Eileen Myles

View of “poems,” 2018–19, Bridget Donahue, New York.

Eileen Myles’s new exhibition of photographs, “poems,” which they deem is a mode of “conveying a bodily experience of being in the world,” follows the release of their new book of poems and essays, evolution (Grove, 2018). The show and the book explore and document the limits of language, both visual and literary. Below, Myles talks about whom they’re writing to, their relationship to words, and knowing when to let something go. The exhibition is on view at Bridget Donahue in New York until January 13, 2019.

MY SHOW AT BRIDGET DONAHUE is called “poems” with big quotes around it, because the works on view are of course not really poems but pictures from Instagram. I am a poet, and in a slightly bumpy way I feel like what I do in poems I also do in photographs, which is to say that I’m wanting them to carry the sense of moving through the world, with stuff being apprehended awkwardly and indirectly rather than straight on. I’ve always felt like I’m a visual artist in language, so I’ve basically, at least in the show, thrown the language part away, and I’m just going directly to the pictures—conveying a bodily experience of being in the world.

There’s a grand male tradition of the artist being depicted in his studio. And my studio is a quite small East Village apartment, where I’ve lived since 1977. Of course, I mean, I’ve lived outside of it too, in the world. All of it, as a subject that I look at, think about, and write about all the time—it just behooves me to take pictures of my studio all the time. And literally, I’ve looked out the same window for forty-one years that, in a way both creepy and lovely, looks out over a cemetery, and so it’s all like a musical repetition for me.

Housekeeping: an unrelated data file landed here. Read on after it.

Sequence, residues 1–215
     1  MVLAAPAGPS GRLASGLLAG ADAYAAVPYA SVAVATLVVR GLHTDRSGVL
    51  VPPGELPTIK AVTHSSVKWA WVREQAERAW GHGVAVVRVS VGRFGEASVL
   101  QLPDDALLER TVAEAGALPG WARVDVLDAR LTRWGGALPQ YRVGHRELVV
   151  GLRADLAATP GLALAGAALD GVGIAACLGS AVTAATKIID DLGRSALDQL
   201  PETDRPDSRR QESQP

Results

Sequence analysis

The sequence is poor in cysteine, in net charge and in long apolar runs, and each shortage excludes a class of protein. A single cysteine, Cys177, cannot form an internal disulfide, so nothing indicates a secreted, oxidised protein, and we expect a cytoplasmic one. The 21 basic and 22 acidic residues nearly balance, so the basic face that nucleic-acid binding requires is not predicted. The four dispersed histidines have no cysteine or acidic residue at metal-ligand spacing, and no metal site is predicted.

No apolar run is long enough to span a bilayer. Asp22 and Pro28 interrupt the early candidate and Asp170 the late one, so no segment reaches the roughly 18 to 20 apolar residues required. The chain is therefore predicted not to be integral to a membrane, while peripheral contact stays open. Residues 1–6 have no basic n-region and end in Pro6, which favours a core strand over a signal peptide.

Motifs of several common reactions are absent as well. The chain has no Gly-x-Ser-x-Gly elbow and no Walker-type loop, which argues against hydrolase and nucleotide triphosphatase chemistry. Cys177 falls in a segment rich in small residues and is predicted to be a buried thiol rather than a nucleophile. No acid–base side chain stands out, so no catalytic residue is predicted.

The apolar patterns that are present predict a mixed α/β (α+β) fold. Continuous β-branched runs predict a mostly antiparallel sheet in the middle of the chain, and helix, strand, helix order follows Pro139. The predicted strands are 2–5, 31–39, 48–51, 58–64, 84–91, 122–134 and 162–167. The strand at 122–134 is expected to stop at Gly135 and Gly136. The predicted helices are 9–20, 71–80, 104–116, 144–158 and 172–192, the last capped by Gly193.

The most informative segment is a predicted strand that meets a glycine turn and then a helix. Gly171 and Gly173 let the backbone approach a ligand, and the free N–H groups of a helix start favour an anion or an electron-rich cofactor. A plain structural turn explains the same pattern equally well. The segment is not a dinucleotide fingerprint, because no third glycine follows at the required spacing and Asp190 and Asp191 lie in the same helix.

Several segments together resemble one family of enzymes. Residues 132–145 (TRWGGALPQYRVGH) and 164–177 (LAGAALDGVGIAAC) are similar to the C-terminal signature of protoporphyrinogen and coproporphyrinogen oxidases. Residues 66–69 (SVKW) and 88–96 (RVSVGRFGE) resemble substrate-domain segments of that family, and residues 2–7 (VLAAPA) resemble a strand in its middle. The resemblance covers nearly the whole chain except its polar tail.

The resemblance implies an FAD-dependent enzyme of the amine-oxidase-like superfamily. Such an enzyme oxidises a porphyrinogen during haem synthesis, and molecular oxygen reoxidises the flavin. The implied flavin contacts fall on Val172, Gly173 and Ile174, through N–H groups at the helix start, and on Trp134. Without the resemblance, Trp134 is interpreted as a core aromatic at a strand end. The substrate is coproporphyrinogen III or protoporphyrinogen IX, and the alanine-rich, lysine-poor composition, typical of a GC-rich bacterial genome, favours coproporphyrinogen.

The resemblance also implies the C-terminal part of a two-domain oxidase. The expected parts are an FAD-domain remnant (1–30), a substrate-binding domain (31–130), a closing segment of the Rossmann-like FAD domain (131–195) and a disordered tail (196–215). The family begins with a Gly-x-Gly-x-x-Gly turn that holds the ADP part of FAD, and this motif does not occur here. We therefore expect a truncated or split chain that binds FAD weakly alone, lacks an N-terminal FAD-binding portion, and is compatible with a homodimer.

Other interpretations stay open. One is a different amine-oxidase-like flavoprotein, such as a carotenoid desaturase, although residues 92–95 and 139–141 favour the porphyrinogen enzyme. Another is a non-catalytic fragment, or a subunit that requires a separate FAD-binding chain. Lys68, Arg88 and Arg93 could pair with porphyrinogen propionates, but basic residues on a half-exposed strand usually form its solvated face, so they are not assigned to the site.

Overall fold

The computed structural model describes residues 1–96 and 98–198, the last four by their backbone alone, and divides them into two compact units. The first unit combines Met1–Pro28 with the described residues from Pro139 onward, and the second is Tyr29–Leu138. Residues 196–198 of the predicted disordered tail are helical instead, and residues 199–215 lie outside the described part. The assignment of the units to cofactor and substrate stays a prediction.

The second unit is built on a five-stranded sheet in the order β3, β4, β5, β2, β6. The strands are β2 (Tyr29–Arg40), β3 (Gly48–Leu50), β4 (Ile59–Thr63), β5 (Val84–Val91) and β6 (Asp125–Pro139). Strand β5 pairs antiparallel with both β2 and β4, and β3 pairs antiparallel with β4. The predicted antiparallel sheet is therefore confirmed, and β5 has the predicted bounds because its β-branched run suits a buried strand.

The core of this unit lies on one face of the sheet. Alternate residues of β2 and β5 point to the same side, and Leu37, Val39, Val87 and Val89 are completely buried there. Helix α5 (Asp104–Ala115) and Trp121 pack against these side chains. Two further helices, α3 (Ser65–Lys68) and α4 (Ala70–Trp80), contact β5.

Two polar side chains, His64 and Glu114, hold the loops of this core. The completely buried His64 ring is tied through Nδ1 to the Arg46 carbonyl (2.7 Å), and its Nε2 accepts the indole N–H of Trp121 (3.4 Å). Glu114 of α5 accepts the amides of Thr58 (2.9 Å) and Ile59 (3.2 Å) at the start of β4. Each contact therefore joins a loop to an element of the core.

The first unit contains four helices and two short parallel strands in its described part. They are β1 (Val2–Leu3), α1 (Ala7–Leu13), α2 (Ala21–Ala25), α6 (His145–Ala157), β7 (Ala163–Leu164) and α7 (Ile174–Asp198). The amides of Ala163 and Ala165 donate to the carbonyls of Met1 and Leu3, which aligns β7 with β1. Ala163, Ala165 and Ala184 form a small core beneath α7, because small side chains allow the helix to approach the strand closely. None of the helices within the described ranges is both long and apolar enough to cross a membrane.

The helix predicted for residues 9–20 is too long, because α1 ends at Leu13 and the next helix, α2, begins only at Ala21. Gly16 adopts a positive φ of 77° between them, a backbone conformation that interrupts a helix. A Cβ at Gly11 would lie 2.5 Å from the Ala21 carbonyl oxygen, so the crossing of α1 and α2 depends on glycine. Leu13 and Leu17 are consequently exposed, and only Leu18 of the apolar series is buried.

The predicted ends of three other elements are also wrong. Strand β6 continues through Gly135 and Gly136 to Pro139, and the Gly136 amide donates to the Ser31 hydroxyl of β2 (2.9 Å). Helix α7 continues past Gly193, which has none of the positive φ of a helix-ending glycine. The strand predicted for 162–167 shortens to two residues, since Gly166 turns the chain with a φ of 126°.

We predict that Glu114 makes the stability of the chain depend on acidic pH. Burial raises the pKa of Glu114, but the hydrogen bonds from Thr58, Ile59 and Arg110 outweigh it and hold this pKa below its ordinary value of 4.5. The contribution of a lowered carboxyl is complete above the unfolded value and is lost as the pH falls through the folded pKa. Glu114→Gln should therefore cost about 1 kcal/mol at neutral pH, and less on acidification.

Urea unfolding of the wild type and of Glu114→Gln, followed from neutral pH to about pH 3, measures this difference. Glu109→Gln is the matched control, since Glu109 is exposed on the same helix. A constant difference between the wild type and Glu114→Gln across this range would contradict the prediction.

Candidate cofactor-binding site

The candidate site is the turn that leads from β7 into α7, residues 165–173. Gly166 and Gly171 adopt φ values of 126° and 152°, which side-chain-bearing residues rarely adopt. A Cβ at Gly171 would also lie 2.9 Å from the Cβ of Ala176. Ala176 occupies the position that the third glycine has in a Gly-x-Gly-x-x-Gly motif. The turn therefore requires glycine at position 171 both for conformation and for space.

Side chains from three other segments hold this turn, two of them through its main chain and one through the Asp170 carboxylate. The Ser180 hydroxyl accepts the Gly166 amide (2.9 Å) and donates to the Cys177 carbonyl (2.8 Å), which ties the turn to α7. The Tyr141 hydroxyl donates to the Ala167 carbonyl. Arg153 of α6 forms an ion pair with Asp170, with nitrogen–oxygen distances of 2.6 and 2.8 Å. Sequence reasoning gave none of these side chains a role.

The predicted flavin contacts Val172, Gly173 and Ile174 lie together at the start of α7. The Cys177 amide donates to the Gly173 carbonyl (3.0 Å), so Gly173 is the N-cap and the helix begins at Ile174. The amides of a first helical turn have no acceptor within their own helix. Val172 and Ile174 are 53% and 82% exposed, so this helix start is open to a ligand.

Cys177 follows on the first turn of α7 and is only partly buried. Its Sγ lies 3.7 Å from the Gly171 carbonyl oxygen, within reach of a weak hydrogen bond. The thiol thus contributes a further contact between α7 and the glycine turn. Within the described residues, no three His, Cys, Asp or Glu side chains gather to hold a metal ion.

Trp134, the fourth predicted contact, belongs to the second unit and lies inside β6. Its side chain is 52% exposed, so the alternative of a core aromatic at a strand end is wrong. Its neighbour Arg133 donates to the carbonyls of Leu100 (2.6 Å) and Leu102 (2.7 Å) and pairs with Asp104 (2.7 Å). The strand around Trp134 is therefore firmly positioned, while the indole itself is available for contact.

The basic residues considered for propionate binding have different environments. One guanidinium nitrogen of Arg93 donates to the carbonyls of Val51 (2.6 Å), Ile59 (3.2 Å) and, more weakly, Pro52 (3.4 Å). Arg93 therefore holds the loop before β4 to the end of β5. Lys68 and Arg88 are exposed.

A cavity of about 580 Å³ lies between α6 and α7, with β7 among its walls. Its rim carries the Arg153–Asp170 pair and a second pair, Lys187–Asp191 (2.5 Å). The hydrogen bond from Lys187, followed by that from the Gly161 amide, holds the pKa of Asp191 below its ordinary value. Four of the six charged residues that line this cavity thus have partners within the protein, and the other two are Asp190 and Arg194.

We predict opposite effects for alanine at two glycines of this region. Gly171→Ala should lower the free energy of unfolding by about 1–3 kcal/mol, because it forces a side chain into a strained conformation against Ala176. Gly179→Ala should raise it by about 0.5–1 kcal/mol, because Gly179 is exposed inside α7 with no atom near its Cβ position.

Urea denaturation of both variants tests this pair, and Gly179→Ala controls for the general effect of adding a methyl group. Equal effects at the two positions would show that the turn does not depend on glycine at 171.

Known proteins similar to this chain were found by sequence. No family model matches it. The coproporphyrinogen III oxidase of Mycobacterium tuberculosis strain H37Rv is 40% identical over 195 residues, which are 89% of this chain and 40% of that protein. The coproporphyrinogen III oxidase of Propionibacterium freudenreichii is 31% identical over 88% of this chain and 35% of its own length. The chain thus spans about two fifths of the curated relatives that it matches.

When I came to New York in the 1970s, I didn’t actively consider myself queer. It was a way that I had been perceived a lot, and an impression I was trying to resist. I was pushing back because I really didn’t know who I was at all, on any level. I had an aspiration to be a writer, and it wasn’t much more complicated than that. Once I wanted to be an astronaut; now I had this other mission––to become a writer.

Excerpts from an interview with Eileen Myles.


I called my latest book evolution because it was written during a period of a lot of picture taking––I even put one of my photos on the cover of the book, and it’s included in my show at Bridget’s. So, I have a fuzzier relationship to words. The relationship is changing. I write poems the way I write them because I want them to feel as immediate as pictures, and I always write with this idea that it’s like you’re in the same room as me, even though you’re not. It creates intimacy. I loved the college professors who acted like you knew a lot and didn’t talk to you like you were stupid, and so I try to be vernacular like that with anybody who might read my book—assuming that they’re already moving pretty fast, and that they already know how to stand in the place we’re both standing in, once they pick up the book and start from there with me.

I have an essay in this book titled “Acceptance Speech,” which was written when Zoe Leonard’s “I want a president” was installed on the High Line just before the election in 2016. She invited a few artists and writers to gather there for talks, performances, and readings. Zoe said to me, “Do something about your presidency piece.” “Like what?” I asked. “You know, update it.” And I was like, “What does that mean?” Then I realized it could only mean that I am writing an acceptance speech, because I am the president. I wrote that piece, which contains lots of the frustration about the ways Hillary Clinton was derailed from becoming president and the process of the election itself. And so that speech, that moment, is sort of smack in the middle of the book. There’s a poem about Trump called “Creep.” There’s a lot of sticking pins in the politics of the moment, as well as some tracking of my own exciting and then failed love affairs.

I’m never trying to “reach anybody” with a book of poetry. In a way, I’m trying to push the poems I wrote in a period of time out of my life. If you write for a few years, you accumulate words, and then you start to see patterns, and then you construct those patterns into kind of a body of work, and then it’s time for it to go. It’s a compendium of a period of experience.